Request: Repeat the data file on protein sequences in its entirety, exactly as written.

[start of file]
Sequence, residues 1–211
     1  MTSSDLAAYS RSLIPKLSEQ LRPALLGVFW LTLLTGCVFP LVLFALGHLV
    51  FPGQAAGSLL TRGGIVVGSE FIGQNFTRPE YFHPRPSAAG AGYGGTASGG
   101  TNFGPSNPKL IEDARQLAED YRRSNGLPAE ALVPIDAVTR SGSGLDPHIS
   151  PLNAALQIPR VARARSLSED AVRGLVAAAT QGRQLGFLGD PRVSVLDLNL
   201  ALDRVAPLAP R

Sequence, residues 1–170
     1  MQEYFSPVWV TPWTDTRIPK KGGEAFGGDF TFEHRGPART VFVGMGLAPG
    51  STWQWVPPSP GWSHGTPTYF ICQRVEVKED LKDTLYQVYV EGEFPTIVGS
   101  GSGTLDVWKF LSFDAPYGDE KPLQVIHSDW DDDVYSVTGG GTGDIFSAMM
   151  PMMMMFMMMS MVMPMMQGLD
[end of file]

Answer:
Sequence, residues 1–211
     1  MTSSDLAAYS RSLIPKLSEQ LRPALLGVFW LTLLTGCVFP LVLFALGHLV
    51  FPGQAAGSLL TRGGIVVGSE FIGQNFTRPE YFHPRPSAAG AGYGGTASGG
   101  TNFGPSNPKL IEDARQLAED YRRSNGLPAE ALVPIDAVTR SGSGLDPHIS
   151  PLNAALQIPR VARARSLSED AVRGLVAAAT QGRQLGFLGD PRVSVLDLNL
   201  ALDRVAPLAP R

Sequence, residues 1–170
     1  MQEYFSPVWV TPWTDTRIPK KGGEAFGGDF TFEHRGPART VFVGMGLAPG
    51  STWQWVPPSP GWSHGTPTYF ICQRVEVKED LKDTLYQVYV EGEFPTIVGS
   101  GSGTLDVWKF LSFDAPYGDE KPLQVIHSDW DDDVYSVTGG GTGDIFSAMM
   151  PMMMMFMMMS MVMPMMQGLD